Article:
A provider of waste and environmental services in New Zealand, Transpacific Industries Group (NZ) Ltd owns and operates Redvale landfill, where it captures methane gas. While most of the gas is utilised for electricity generation, a portion is cleaned to a standard suitable for use as a transportation fuel. A dual-fuel rubbish truck powered with this biomethane caught the eye of the judges at the Energy Efficiency and Conservation Authority Awards in Auckland recently, reports the New Zealand Herald. The project was highly commended by the judges.
Using biomethane to replace about 12,000 litres of diesel, the Redvale Landfill rubbish truck reduces carbon dioxide emissions by 290 tonnes a year.
Transpacific, in collaboration with Greenlane Biogas, the National Institute of Water and Atmospheric Research (NIWA) and DieselGas International Ltd (designer/developer of dual-fuel systems for diesel engines), launched the project in 2010 to explore biogas technology and exhibit the potential benefits of landfill gas beyond current power generation uses.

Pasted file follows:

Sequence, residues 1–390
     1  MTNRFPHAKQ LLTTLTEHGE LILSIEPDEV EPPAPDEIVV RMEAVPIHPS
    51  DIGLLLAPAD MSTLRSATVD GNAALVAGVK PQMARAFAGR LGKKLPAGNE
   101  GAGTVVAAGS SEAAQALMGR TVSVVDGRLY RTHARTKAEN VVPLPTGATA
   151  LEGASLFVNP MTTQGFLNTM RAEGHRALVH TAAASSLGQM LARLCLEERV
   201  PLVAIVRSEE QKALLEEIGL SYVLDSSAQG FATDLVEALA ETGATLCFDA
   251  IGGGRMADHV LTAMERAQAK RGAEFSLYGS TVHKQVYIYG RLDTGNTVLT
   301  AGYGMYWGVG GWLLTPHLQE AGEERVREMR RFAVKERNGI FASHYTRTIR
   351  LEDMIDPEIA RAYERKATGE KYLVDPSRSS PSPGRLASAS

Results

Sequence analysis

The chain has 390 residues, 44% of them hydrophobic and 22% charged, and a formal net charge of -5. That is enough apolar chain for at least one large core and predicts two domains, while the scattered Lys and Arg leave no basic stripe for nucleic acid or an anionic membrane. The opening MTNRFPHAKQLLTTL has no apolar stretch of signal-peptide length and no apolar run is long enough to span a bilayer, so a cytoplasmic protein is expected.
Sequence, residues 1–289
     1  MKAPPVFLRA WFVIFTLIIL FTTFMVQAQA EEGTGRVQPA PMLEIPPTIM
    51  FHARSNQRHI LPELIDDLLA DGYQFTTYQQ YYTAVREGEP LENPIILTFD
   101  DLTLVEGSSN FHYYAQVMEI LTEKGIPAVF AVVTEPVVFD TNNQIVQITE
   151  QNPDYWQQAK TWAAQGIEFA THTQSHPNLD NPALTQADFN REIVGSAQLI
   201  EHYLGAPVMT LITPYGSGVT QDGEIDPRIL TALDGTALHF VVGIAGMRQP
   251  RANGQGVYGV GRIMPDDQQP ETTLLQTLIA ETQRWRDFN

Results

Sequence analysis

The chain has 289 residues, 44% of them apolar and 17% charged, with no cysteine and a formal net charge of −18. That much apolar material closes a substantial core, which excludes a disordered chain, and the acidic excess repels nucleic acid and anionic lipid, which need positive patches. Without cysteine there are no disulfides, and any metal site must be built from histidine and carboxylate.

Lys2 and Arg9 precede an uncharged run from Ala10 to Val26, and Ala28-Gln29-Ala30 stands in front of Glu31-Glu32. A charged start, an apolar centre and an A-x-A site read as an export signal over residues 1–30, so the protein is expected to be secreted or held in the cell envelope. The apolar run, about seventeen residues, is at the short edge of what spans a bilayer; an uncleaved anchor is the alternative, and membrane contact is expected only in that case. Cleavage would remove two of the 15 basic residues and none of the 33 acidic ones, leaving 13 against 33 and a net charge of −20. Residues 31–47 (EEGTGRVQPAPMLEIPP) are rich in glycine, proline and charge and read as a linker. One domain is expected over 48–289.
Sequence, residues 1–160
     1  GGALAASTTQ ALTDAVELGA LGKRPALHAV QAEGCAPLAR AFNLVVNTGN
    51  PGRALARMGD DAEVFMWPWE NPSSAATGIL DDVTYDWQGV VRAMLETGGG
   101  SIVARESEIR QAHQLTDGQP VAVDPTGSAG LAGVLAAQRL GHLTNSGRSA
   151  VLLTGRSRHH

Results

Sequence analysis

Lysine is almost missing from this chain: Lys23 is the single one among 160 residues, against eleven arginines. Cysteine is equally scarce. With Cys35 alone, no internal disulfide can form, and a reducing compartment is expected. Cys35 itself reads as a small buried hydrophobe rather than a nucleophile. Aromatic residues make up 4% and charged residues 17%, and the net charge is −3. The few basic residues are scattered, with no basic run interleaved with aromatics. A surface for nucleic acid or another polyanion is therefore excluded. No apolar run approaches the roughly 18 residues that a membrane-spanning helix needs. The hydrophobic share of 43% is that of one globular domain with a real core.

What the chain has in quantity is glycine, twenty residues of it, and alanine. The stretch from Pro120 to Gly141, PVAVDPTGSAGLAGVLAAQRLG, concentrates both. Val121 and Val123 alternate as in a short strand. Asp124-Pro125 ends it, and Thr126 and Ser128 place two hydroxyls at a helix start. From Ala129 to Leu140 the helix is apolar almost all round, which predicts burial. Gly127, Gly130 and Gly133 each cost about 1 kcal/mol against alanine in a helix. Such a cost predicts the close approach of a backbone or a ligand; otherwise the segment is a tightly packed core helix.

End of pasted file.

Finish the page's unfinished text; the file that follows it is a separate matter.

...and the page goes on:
Stephan Heubeck, NIWA Research Engineer, explained that the landfill has the potential to provide sufficient biomethane to replace 54 million litres of diesel a year. He added that using the gas for transportation is a much better use of the harvested energy; using it to substitute for diesel instead of electricity generation returns about six times the amount to the economy.
According to New Zealand’s Energy Efficiency and Conservation Authority, about 44 per cent of energy generated in the country is used for transportation.